Armageddon for beginners
I arrived at school bewildered and confused at the sudden uneasiness of a sunny September day. I was 9 and was on third grade, mouth agape as the word “war” made the rounds among my restless classmates and worried teachers. On that eventful day in September 2001, even before flag ceremony had begun, we were told that we were on the brink of war.
Unbelievably, almost two decades later, I am witnessing another World War III scare. The same fear is making its rounds among a new, younger generation, although with more idiosyncratic reactions than I’ve ever experienced. For instance, the topic trended on Twitter, generated a whole bunch of memes and even engendered a strange sense of nostalgia for some.
It isn’t just the specter of war that flooded my social media feed. The terror gripping Australia is heightening our worries and our feelings of helplessness. That we watch with horror as these events unfold is an understatement. Images of razed homes and lives lost are unsettling. But also unsettling are the conspiracies and misinformation campaigns that are massively circulating around us, as we come to terms with how we are dealing with social media during a crisis (including bullying wealthy celebrities to donate, which we shouldn’t do, of course).
We are barely scraping through the new year, and people already scream Armageddon. Who can blame them? The news reports that permeate our consciousness as we start the year are admittedly out of the ordinary. Catastrophe seems to be happening on several fronts: ecological, political, economic, psychological.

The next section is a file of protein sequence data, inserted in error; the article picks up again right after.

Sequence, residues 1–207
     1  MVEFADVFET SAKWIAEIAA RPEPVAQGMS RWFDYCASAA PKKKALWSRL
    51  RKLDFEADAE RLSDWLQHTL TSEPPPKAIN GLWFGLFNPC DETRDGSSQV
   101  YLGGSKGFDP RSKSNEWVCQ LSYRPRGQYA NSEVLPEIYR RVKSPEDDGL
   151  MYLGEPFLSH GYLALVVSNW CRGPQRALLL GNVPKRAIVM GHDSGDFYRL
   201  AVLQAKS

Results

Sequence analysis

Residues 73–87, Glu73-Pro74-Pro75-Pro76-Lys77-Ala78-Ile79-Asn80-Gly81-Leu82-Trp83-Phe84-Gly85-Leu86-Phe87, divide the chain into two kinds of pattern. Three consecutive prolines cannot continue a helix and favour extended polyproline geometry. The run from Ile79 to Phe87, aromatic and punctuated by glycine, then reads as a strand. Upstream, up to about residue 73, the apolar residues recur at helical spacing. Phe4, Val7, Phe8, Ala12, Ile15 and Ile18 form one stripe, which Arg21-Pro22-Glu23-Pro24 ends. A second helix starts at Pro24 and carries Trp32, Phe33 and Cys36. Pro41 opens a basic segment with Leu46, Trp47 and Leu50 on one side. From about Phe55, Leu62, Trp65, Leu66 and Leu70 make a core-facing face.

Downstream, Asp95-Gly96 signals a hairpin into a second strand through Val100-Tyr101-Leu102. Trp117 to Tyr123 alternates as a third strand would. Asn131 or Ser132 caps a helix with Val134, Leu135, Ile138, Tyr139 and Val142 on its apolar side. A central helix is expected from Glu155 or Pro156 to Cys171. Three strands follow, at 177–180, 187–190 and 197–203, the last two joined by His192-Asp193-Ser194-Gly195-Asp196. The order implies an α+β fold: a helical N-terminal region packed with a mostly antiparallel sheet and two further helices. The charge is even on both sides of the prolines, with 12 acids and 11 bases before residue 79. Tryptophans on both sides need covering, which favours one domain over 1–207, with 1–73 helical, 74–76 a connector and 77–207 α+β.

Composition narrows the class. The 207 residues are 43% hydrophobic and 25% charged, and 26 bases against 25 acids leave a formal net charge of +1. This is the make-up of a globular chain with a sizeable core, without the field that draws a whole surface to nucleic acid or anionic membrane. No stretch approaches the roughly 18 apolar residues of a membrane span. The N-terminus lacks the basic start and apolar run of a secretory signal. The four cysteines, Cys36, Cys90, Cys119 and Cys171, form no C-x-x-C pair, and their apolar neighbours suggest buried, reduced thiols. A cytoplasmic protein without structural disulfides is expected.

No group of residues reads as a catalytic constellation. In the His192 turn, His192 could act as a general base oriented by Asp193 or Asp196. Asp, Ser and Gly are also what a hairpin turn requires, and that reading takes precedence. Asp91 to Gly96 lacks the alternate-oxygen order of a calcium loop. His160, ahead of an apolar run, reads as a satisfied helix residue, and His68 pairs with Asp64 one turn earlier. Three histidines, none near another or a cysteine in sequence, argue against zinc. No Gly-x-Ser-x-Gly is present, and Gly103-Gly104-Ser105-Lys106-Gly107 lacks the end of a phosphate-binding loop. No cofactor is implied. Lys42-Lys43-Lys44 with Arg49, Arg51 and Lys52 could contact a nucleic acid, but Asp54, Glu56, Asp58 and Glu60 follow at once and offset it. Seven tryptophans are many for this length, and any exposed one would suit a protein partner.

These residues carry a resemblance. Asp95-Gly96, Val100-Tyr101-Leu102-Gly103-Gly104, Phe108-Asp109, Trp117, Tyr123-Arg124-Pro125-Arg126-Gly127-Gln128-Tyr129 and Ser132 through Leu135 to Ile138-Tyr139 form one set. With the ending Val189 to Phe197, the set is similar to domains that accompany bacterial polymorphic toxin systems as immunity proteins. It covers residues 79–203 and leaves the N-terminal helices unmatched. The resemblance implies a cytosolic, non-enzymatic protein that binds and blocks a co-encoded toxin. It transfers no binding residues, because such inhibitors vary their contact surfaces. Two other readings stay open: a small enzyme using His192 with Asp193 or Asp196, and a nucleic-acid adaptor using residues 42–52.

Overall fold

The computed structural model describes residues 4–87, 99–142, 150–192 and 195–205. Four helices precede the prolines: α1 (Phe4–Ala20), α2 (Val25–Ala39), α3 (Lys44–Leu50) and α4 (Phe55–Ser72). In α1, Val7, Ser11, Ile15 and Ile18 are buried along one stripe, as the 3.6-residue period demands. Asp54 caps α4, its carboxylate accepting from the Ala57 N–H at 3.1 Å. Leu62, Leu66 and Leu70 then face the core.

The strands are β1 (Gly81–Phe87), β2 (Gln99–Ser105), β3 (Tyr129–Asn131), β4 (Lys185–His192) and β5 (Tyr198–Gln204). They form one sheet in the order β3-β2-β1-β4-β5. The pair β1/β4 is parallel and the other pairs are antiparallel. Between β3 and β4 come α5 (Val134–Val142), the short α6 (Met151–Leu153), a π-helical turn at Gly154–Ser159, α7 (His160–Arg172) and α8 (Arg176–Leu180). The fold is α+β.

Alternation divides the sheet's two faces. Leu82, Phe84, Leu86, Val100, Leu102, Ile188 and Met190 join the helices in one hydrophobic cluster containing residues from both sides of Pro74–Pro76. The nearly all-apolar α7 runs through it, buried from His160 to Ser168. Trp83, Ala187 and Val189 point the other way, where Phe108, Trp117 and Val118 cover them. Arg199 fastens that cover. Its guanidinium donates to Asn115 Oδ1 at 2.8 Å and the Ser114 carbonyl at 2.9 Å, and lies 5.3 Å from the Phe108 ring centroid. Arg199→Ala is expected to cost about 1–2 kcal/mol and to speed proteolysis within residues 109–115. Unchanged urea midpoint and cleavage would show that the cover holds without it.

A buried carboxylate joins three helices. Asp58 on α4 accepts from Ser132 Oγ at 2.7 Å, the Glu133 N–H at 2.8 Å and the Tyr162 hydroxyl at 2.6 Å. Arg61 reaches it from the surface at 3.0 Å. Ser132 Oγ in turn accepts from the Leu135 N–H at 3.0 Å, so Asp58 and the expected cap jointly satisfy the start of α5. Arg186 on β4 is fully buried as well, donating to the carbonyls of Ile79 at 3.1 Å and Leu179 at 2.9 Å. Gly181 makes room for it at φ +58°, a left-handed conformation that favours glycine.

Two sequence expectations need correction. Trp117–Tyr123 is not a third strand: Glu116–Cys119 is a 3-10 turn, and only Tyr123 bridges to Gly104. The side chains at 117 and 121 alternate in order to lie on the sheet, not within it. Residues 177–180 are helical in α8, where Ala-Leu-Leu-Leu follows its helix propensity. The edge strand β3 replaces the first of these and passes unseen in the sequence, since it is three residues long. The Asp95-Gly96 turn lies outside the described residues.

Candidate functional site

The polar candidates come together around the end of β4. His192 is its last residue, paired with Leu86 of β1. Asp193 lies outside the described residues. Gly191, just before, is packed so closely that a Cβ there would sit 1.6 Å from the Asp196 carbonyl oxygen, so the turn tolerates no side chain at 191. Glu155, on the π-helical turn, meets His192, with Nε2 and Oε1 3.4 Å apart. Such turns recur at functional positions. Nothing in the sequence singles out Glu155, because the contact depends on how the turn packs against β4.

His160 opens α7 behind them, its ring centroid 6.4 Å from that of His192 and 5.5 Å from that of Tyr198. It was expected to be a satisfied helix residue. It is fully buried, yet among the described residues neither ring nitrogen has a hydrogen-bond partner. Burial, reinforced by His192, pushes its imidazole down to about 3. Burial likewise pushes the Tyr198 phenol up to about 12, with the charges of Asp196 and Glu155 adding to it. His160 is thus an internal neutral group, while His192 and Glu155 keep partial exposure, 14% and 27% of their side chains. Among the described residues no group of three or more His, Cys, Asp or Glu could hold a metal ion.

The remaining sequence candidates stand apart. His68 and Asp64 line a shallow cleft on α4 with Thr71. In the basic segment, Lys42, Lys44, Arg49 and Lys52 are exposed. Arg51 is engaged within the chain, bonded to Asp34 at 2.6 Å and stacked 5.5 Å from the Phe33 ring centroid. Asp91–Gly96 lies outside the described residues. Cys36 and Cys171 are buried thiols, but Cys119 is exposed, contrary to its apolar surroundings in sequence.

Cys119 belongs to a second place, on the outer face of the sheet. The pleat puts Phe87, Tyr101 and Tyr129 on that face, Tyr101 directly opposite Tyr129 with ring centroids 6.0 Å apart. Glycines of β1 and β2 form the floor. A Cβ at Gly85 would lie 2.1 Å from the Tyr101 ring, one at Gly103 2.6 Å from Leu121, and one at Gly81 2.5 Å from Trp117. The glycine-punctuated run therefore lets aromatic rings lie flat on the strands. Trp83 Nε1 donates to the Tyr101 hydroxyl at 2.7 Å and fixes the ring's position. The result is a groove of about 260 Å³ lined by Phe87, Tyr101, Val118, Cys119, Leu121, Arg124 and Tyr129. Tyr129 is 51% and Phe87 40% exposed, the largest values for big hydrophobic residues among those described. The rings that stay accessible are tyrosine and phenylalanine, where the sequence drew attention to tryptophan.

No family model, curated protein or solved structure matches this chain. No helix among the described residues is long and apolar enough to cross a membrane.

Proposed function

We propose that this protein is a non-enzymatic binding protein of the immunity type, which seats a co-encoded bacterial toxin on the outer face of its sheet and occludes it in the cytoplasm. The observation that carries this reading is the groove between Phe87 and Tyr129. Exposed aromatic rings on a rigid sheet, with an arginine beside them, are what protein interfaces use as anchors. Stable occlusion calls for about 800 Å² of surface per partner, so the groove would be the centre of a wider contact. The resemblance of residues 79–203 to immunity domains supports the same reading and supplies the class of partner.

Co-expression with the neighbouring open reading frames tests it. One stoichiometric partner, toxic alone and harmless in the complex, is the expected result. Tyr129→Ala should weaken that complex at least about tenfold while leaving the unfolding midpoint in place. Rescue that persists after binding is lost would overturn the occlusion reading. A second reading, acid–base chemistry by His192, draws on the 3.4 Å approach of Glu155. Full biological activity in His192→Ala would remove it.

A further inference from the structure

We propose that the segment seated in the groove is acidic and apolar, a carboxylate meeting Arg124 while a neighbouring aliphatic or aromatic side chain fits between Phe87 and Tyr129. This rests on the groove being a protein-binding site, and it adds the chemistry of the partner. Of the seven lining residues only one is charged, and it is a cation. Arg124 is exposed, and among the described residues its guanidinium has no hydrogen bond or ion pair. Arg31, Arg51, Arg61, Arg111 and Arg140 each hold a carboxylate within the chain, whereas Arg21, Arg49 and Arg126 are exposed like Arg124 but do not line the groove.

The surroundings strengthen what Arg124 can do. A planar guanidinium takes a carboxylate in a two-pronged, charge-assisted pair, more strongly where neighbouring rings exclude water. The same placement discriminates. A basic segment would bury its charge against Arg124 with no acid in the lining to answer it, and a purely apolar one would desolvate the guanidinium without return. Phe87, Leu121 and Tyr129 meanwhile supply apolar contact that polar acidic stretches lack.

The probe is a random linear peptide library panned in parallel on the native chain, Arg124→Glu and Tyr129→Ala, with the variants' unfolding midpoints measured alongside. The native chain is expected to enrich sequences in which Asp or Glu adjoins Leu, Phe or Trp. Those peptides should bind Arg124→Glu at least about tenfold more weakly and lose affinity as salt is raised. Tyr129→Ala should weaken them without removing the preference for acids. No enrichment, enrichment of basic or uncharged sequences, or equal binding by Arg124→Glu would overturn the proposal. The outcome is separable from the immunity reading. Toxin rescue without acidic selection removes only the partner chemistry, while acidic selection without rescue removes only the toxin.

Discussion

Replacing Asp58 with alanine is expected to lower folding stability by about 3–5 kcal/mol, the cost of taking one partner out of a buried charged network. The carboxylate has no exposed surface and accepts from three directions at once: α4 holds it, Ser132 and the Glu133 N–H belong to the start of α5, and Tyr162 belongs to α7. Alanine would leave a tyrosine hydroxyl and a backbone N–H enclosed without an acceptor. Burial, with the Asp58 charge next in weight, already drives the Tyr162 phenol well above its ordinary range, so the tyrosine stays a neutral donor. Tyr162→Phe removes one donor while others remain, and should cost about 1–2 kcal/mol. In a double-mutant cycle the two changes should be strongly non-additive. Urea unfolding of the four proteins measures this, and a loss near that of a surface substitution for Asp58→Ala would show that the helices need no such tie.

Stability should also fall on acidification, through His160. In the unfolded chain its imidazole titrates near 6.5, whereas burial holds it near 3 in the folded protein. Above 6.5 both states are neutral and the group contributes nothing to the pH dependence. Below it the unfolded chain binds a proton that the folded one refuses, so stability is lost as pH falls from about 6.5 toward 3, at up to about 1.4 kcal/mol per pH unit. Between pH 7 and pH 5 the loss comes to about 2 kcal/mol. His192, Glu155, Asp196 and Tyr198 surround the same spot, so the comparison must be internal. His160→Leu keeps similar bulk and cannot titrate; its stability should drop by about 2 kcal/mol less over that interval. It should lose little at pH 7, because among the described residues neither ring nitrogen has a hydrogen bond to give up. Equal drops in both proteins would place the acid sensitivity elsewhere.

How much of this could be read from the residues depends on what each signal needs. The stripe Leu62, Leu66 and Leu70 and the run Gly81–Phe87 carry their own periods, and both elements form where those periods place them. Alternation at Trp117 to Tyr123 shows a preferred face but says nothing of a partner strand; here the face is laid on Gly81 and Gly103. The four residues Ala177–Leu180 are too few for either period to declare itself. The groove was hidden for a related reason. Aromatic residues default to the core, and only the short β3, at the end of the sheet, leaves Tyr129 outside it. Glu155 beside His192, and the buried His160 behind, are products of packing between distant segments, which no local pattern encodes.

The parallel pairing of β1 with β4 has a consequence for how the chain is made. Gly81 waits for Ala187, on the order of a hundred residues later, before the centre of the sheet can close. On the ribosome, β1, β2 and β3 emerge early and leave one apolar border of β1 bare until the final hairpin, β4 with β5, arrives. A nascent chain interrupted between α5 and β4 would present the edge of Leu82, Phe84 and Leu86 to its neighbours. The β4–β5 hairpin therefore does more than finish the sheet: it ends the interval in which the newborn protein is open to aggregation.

Images of a prophetic street crier with warnings written on a cardboard aptly capture the situation we are in right now, except that we can be the criers ourselves and the message on the cardboard is our reaction to the world that’s fraying around us. It would be impossible to be apathetic in any way in these times.
The word “preppers” has been coined for people who are preparing for the eventual decline of the world. I thought minimalism was radical enough, until I came to know of people doing actual preparations for a projected apocalypse. There are documentaries, videos and podcasts about these preppers. And why not? As Monica Dux expressed in The Sydney Morning Herald, “Preparing for Armageddon doesn’t seem so weird these days.”
I can’t say that doomsday fears are irrational, though I would like to believe that we can remain sustainable and rational through any crisis. That we can survive, and that perhaps we are simply worrying ourselves crazy.
But at the age of twentysomething, I have not also lived long enough to be an authority on life and how human beings think. And at this point when the world really does seem to be escalating into chaos, I worry about the much younger ones. For the first time, I found myself saying recently to a kid, “It is something for the adults to worry about.” Unfortunately, I am one of those adults. Wrote Nicholas Bogel-Burroughs in The New York Times: “For a post-9/11 generation, war isn’t new, but fears of another one are.”
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